Tom Brokaw did not challenge Sen. John McCain's false claim that under Sen. Barack Obama's health care plan, "[S]mall-business people who have employees without health insurance, that he is going to fine them if they don't have, have the insurance policy that they want, that Senator Obama wants them to have." In fact, while Obama has proposed requiring large businesses that do not provide health coverage to pay a percentage of their payroll into a National Health Insurance Exchange, small businesses would be exempt.
On NBC's Meet the Press, Tom Brokaw did not challenge Steve Schmidt's false claim that Sen. John McCain "called for the firing of Don Rumsfeld." In fact, the McCain campaign itself reportedly admitted that McCain did not call for Rumsfeld to be fired, or for his resignation.
On Meet the Press, citing a New York Post article reporting that Oprah Winfrey will not host Gov. Sarah Palin on her show before the presidential election, Tom Brokaw falsely suggested that Winfrey has hosted Sen. Barack Obama on her show during Obama's campaign for president. However, the Post article Brokaw cited itself reported that Winfrey has not hosted Obama since he began his presidential campaign and that Winfrey said she decided when she endorsed Obama not to use her show "as a platform for any of the candidates."
On Meet the Press, Tom Brokaw asked Al Gore if, on the subject of renewable energy, "Hillary Clinton reset this debate when she said there should be a summer holiday on the federal gas tax." But Brokaw did not mention that Sen. John McCain also proposed a gas-tax holiday or that one of his top advisers still touts the plan as "the best stimulus package we can have right now."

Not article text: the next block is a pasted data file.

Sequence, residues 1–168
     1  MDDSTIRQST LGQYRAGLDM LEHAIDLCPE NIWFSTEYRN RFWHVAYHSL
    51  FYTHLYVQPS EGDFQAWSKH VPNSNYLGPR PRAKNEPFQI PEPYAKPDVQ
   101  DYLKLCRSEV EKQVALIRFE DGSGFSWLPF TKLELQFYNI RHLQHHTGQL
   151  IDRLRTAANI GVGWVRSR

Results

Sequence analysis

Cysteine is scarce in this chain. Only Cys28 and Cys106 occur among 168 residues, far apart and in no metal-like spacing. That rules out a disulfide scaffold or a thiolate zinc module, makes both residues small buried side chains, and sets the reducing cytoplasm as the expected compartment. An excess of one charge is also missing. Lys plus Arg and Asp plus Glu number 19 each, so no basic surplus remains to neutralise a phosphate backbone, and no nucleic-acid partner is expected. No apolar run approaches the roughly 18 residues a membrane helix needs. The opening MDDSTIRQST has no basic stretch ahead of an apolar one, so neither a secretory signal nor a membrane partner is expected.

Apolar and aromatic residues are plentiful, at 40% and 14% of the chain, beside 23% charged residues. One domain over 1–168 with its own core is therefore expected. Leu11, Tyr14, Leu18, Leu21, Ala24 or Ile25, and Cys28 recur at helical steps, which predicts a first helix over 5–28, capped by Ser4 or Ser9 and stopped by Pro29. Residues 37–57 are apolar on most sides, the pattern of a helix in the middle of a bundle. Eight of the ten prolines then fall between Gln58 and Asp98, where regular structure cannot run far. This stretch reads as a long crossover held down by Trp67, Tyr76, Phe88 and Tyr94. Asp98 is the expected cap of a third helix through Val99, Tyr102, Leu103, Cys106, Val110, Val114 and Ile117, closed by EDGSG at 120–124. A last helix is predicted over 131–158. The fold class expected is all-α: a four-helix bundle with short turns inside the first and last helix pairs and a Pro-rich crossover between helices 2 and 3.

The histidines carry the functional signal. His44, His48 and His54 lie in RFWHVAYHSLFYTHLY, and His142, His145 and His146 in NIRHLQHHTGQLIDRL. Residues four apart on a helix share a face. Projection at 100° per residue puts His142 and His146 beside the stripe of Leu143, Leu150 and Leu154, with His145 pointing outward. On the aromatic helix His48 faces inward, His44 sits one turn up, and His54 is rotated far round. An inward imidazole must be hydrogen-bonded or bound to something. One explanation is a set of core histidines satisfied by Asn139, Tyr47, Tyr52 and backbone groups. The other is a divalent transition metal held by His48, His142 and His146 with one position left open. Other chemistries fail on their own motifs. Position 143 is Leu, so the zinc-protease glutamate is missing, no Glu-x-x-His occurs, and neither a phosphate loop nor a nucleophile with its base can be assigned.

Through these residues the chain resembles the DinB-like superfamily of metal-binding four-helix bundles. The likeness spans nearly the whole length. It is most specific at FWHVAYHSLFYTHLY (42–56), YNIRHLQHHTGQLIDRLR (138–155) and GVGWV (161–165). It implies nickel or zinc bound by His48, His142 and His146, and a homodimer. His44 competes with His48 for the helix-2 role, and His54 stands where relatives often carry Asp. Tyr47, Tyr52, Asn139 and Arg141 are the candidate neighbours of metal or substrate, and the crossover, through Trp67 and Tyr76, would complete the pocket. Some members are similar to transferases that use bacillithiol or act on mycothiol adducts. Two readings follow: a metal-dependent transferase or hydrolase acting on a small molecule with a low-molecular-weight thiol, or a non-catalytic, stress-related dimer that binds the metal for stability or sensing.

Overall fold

On Meet the Press, Tom Brokaw did not challenge Carly Fiorina's assertion that "[t]he principal reason that [Sen. John McCain] voted against the Bush tax cuts is that they were not accompanied by fiscal restraint." In fact, the reason McCain gave for voting against the tax cuts in a May 26, 2001, statement on the Senate floor was that "so many of the benefits go to the most fortunate among us, at the expense of middle class Americans who most need tax relief."
On Meet the Press, host Brian Williams allowed Sen. Lindsey Graham to crop an answer Sen. Barack Obama gave on a Midwest Democracy Network questionnaire about whether he would commit to public financing for the general election if his opponent did so. While Graham read the question and beginning of Obama's answer aloud, neither he nor Williams noted that Obama concluded his answer by saying he would "aggressively pursue an agreement with the Republican nominee to preserve a publicly financed general election," which the Obama campaign maintains he did before determining an agreement with the McCain campaign was unreachable.
NBC's Kelly O'Donnell asserted that Sen. John McCain "believes he's stronger" than Sen. Barack Obama "among Hispanic-Americans, especially because of his immigration stance, which nearly killed him in the Republican Party." But O'Donnell did not note that McCain reversed himself on the issue of immigration; he now says that "we've got to secure the borders first" and that he "would not" support his own comprehensive immigration reform legislation.